Despite it being competition, Rouge New York cofounders, actress Stephanie March and her coveted makeup artist Rebecca Perkins, are in fact excited that more and more beauty bars are popping up throughout the country.

And in November, Rouge will open a second location in Manhattan on the Upper East Side at 220 East 60th Street where March and Perkins are hoping to reach a new consumer. They’re also betting on the array of services and edited product assortment they sell.

“The thing about the expansion is we always felt like there is more than one hair salon, there is more than one nail salon, for a while there was not more than one makeup salon, so getting heard and getting understood was our biggest obstacle,” declared Perkins, who is also Rouge’s head makeup artist. “And these other companies are only helping us all be better understood.”

This summer companies that are helping Rouge make some noise include Califonia-based beauty bar Blushington, MAC’s first beauty bar concept called MAC Makeup Studio and Joli Beauty Bar, a freestanding on demand salon.

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Meanwhile, Rouge’s newest outpost will be 1,000 square feet, which is about a third bigger than its first store. The space will replicate its downtown location with its Hollywood deco vibe and iPads at every station. With the added space, Perkins and March are looking to give its curated assortment of about nine retail brands such as Kevyn Aucoin, Kimiko and Temptu, among others, a more robust presence.

“We always felt that curation breeds trust,” said Perkins. “My relationship with Stephanie as her makeup artist on [“Law & Order: Special Victims Unit”] and for years afterward was always based on me bringing what I felt would be the best for her.”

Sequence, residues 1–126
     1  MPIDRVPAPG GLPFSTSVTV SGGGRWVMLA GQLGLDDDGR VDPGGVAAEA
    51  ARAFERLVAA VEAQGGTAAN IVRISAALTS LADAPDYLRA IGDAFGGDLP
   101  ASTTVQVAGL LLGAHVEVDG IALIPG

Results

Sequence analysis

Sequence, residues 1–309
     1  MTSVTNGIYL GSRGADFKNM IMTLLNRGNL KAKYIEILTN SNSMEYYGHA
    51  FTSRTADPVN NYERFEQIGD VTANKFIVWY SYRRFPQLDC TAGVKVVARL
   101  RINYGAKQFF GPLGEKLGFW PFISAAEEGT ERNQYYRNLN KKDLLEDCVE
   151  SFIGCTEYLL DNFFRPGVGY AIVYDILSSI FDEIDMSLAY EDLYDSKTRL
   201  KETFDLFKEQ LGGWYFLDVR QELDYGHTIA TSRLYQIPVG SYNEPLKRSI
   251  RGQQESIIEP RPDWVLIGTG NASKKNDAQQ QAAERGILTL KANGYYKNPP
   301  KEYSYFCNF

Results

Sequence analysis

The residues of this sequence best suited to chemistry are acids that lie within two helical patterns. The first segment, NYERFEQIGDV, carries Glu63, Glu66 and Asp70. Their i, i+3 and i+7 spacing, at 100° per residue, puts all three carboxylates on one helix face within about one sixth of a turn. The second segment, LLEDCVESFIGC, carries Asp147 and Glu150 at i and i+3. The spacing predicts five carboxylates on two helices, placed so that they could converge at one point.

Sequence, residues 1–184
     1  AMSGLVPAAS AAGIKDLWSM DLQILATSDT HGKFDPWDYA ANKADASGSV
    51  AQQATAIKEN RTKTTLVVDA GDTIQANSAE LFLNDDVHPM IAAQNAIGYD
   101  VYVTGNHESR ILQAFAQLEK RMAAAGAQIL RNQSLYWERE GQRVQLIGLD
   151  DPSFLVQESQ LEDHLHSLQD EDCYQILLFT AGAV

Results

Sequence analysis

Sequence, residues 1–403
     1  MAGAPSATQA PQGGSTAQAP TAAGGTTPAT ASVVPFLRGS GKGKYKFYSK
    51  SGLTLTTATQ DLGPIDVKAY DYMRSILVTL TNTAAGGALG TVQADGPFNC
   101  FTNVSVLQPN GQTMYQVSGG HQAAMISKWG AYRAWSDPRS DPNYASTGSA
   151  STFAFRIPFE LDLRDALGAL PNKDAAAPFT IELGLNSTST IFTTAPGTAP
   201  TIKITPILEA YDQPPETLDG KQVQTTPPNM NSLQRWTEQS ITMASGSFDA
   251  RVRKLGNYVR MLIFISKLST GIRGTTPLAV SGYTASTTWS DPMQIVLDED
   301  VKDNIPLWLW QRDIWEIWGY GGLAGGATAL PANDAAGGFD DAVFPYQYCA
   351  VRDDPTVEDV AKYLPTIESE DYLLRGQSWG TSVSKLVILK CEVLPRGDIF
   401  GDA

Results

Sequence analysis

Rouge will also add two new services at the uptown location, which includes eyelash extensions and the opportunity to make a custom lipstick shade on the spot for $30.

But Rouge isn’t stopping at New York. March and Perkins eventually would like to open in an array of cities. But they both agreed that they’d conquer Manhattan first.

“[Since opening the first location] we realized our customers are women, period,” said March. “They’re old and they’re young, they’re professionals and they’re stay-at-home moms. We realized we need to do more, we need to be in more places, we need to be in more locations. It’s such an opportunity to be able to do the makeup of a 15-year-old girl who’s getting it done for the first time and a 75-year-old woman who thinks she can’t wear red lipstick.”

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